Roger Ascham has been credited with rehabilitating Elizabeth Tudor's image after a near-disastrous seduction at the hands of her stepmother's husband Thomas Seymour. But in many ways Ascham's tutelage merely continues a process the Lord Admiral had already begun, educating a young girl about what to wear, how to comport herself, and how to regard her male teacher, all necessary steps in the programme Vives details as removing 'the residue of her infancy'. This essay examines Ascham's seductions and Seymour's pedagogy with the larger aim of exploring the Tudor classroom, at once an official site of humanist learning and kind of rival space where women were taught to read and to write and to counteract the designs of male teachers. If images of Lucretia and Griselda resurface in accounts of Elizabeth's prodigious learning, there were other female figures - like Katherine Parr and Anne Boleyn, Elizabeth's governess Kat Ashley and the Duchess of Suffolk - who shaped a humanism of the household just as crucial as the humanism of the university.

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Reconsidering Politics as a Man’s World

Images of Male Political Leaders in France and Norway

Anne Krogstad and Aagoth Storvik

Researchers have often pointed to the masculine norms that are integrated into politics. This article explores these norms by studying male images of politics and power in France and Norway from 1945 to 2009. Both dress codes and more general leadership styles are discussed. The article shows changes in political aesthetics in both countries since the Second World War. The most radical break is seen in the way Norwegian male politicians present themselves. The traditional Norwegian leadership ethos of piety, moderation, and inward orientation is still important, but it is not as self-effacing and inelegant as it used to be. However, compared to the leaders in French politics, who still live up to a heroic leadership ideal marked by effortless superiority and seduction, the Norwegian leaders look modest. To explain the differences in political self-presentation and evaluation we argue that cultural repertoires are not only national constructions but also gendered constructions.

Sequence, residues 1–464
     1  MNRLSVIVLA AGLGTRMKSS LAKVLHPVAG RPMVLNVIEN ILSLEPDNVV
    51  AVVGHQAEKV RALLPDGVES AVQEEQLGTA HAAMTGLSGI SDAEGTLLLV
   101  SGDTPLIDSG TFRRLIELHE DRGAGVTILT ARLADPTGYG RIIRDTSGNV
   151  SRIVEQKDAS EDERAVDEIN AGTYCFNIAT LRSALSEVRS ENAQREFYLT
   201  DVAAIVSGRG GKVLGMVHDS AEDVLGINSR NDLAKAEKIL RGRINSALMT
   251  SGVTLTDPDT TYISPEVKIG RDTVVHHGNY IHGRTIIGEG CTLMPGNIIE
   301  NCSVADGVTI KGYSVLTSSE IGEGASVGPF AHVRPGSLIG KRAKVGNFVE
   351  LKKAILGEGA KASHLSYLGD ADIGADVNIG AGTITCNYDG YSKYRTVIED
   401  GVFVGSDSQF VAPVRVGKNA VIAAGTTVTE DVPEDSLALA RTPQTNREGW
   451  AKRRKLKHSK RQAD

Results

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Paul Innes

In Much Ado About Nothing, characters repeatedly stage moments designed to confuse other figures, a good example being the machinations aimed at Beatrice and Benedick. However, the play contains many more instances in which misrepresentation plays with truth. The supposed offstage seduction of Hero signals the audience that what this unseen (to them) event means will be crucial, making them focus upon the meanings given to the event by the characters. Critics have often noted that the young noblemen get it wrong, and that the play then ironically counterpoints this by making the useless constabulary get it right by apprehending the culprit; they also usually marginalise the older characters, especially the Friar, who is relegated to a plot-function. However, given the play's insistence on perception and misunderstanding, this article revisits their importance in performance as a group that avoids the mistakes made by the younger generation.

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Leora Auslander Marianne in the Market: Envisioning Consumer Society in Fin-de-Siècle France by Lisa Tiersten

Rebecca Rogers Disruptive Acts: The New Woman in Fin-de-Siècle France by Mary Louise Roberts

Jeffrey H. Jackson Django: The Life and Music of a Gypsy Legend by Michael Dregni

Jean-Philippe Mathy Camus & Sartre: The Story of a Friendship and the Quarrel That Ended It by Ronald Aronson

Joel Revill The Seduction of Unreason: The Intellectual Romance with Fascism from Nietzsche to Postmodernism by Richard Wolin

Scott Gunther Liberté, égalité, sexualités: Actualité politique des questions sexuelles by Clarisse Fabre and Eric Fassin

Alec G. Hargreaves Muslims and the State in Britain, France and Germany by Joel S. Fetzer and J. Christopher Soper

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William Nessly, Noel B. Salazar, Kemal Kantarci, Evan Koike, Christian Kahl and Cyril Isnart

Mary Chapman, ed., Becoming Sui Sin Far: Early Fiction, Journalism, and Travel Writing by Edith Maude Eaton (Montreal: McGill-Queen’s University Press, 2016), lxxvi + 274 pp., ISBN-13: 978-0-7735-4722-3, $34.95 (paperback).

Michelle MacCarthy, Making the Modern Primitive: Cultural Tourism in the Trobriand Islands (Honolulu: University of Hawai‘i Press, 2016), xiii + 276 pp., ISBN: 978-0824855604, $65 (hardcover).

David H. Mould, Postcards from Stanland: Journeys in Central Asia (Ath- ens: Ohio University Press, 2016), xiv+301 pp, ISBN: 9780821421772, $25 (paperback).

Shiho Satsuka, Nature in Translation (Durham: Duke University Press, 2015), xii + 263 pp., ISBN-13: 978-0-8223-5880-0, $25.95 (paperback).

Inves M. Keighen, Charles W. J. Withers, and Bill Bell, Travels into Print: Exploration, Writing, and Publishing with John Murray, 1773–1859 (Chicago: University of Chicago Press, 2015), xiii +392 pp, ISBN-13: 978- 0226429533, $45 (hardcover).

Michael A. Di Giovine and David Picard, eds., The Seductions of Pilgrim- age: Sacred Journeys Afar and Astray in the Western Religious Tradition (Surrey: Ashgate, 2015), xxi + 266 pp., ISBN 978-1472440075, $70 (hard- cover).